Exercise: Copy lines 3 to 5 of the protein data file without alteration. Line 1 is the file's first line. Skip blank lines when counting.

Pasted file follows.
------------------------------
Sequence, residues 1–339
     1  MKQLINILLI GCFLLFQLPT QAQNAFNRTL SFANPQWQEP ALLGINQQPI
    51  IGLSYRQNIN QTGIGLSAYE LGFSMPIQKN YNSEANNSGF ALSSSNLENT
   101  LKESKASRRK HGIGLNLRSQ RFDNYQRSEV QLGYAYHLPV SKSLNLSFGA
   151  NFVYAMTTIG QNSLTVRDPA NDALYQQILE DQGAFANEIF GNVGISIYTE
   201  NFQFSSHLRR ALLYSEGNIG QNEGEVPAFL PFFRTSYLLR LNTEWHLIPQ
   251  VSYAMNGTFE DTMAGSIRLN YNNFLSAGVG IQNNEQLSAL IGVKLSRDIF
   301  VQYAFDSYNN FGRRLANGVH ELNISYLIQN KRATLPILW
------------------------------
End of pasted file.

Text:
    51  IGLSYRQNIN QTGIGLSAYE LGFSMPIQKN YNSEANNSGF ALSSSNLENT
   101  LKESKASRRK HGIGLNLRSQ RFDNYQRSEV QLGYAYHLPV SKSLNLSFGA
   151  NFVYAMTTIG QNSLTVRDPA NDALYQQILE DQGAFANEIF GNVGISIYTE